Monday, May 28, 2018

Greenville University Storytelling Festival Winners
Storytelling Class 

Best in Show
& Best Short Film

Daisy by Joey Clinton

Best Short Story


“The Girl of Blue Bell Hill”
by Rachel Terry

            Nathaniel kept seeing her face. Her splash of red hair framing her features as she stared back at him with an unnerving blank expression, her eyes somehow appearing already dead, lifeless. And then the front of his motorcar had struck her and she disappeared from view.
            Had there been an impact, a thud as her body connected with the vehicle? Oh, God, he couldn’t remember, but there must have been.
            Only a few moments before, he had been driving down a winding road in the countryside of Kent as the light faded from the evening sky. Fog had coalesced, so thick his headlamps barely pierced it.
            Nathaniel would have sworn, under oath if necessary, with his right hand upon a Bible, that the young flame-haired woman had not been there. But a mere moment later, she seemed to melt out of the mist, in the middle of his lane.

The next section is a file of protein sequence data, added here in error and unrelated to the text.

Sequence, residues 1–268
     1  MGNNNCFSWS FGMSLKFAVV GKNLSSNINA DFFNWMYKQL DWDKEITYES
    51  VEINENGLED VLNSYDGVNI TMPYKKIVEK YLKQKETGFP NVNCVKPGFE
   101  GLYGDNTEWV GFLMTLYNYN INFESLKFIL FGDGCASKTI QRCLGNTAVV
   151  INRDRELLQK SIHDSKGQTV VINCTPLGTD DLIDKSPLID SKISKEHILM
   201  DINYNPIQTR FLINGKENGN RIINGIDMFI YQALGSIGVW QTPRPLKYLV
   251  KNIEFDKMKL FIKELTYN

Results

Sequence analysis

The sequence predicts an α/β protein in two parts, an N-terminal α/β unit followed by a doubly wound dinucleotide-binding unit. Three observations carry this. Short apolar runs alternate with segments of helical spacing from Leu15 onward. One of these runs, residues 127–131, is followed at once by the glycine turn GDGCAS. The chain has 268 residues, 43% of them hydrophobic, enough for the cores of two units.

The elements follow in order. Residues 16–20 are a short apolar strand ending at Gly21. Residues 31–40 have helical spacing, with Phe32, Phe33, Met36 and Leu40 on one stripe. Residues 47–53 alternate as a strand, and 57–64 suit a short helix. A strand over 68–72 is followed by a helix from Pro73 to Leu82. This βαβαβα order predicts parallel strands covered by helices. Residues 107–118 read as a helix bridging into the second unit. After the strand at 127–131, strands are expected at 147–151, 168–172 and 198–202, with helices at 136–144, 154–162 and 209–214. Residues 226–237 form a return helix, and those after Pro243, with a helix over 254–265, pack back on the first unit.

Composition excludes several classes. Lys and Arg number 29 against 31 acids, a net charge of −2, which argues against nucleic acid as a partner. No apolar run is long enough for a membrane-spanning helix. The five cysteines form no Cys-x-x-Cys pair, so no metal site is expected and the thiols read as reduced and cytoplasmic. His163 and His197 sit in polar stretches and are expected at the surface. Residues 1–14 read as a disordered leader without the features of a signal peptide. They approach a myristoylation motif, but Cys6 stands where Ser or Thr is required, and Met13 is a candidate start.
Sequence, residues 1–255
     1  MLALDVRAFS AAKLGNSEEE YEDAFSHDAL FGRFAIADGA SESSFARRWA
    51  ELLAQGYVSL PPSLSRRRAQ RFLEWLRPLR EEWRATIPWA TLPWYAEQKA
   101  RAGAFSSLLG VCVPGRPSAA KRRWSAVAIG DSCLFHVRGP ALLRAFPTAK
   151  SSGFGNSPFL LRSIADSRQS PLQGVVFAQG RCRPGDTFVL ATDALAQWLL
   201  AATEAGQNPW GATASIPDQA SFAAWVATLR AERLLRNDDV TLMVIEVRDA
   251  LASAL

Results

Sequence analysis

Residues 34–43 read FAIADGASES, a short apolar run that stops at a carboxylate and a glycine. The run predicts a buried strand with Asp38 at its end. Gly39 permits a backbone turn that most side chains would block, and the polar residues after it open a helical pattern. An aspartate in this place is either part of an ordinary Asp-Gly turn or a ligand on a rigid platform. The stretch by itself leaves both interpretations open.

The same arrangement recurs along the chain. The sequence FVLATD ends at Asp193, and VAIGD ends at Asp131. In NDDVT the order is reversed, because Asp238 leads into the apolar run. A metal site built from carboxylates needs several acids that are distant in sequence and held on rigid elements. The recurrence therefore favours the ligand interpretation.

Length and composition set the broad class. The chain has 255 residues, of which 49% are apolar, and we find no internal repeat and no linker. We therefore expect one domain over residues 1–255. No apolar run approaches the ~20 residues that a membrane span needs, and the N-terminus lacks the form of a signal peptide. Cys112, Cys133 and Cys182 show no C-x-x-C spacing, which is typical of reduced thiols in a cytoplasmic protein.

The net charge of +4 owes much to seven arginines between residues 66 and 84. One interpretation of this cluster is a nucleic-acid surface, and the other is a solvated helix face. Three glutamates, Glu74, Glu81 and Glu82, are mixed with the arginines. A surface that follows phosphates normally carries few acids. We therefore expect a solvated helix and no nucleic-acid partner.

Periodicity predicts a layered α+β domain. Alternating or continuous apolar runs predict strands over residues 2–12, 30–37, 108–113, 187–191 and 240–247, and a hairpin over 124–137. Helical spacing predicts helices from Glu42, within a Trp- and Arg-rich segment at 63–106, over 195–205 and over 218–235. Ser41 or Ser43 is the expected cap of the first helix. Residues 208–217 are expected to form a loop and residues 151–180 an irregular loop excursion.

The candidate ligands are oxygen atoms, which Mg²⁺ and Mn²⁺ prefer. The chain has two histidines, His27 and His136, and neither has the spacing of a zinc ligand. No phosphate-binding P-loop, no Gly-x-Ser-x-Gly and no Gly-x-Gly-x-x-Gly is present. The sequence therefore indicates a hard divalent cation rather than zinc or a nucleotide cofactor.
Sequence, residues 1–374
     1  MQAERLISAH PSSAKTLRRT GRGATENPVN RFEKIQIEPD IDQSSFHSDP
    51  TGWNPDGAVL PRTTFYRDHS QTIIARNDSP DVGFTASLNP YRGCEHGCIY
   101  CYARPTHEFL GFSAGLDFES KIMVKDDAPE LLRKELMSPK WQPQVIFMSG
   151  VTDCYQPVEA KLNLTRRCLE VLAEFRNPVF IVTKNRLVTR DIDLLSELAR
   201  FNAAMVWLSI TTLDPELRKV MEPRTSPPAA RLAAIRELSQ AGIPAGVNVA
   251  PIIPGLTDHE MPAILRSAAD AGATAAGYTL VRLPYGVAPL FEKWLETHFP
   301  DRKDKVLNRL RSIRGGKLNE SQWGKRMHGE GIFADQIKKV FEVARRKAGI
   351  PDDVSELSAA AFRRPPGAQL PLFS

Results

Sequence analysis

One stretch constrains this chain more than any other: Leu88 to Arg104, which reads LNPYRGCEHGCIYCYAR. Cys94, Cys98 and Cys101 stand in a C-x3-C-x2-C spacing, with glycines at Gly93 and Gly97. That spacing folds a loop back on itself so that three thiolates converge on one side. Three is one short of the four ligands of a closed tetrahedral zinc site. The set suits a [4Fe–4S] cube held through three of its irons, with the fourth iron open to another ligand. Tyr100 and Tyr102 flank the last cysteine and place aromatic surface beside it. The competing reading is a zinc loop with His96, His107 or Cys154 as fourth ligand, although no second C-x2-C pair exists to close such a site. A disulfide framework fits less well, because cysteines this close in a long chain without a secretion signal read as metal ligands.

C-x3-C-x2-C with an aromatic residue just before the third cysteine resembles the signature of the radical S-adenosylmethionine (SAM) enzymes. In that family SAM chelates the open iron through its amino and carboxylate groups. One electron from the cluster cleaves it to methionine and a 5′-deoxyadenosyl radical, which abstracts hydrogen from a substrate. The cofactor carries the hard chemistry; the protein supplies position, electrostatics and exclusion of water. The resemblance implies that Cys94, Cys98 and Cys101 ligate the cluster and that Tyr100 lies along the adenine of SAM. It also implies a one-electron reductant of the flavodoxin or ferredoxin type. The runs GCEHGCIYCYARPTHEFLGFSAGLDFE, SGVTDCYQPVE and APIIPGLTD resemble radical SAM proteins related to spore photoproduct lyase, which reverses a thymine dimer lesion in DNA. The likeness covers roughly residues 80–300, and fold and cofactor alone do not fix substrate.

There was no time to swerve. Nathaniel slammed on the brake, but it was too late. Hands gripping the wheel with white knuckles, he watched as her body vanished beneath his car.
            When the vehicle skid to a halt, Nathaniel remained where he was in the driver’s seat, too shocked to move. Too afraid to step out, frightened of what his eyes would see.
            At last, he could bear it no longer. Moving mechanically, numb, Nathaniel put the car in park and stepped out, shutting the door behind him. He turned, glancing behind, a frigid wind blowing his coat open. Nausea slid around his gut, cinching tight. The young woman’s body lay motionless in the road.
            Forcing himself to move, Nathaniel approached her, apprehension gnawing at him. She appeared surprisingly unscathed, her red hair fanning out around her head and her white dress spread behind her like a broken wing. No bones were visibly broken—though that didn’t mean there weren’t any—and there was no blood to speak of.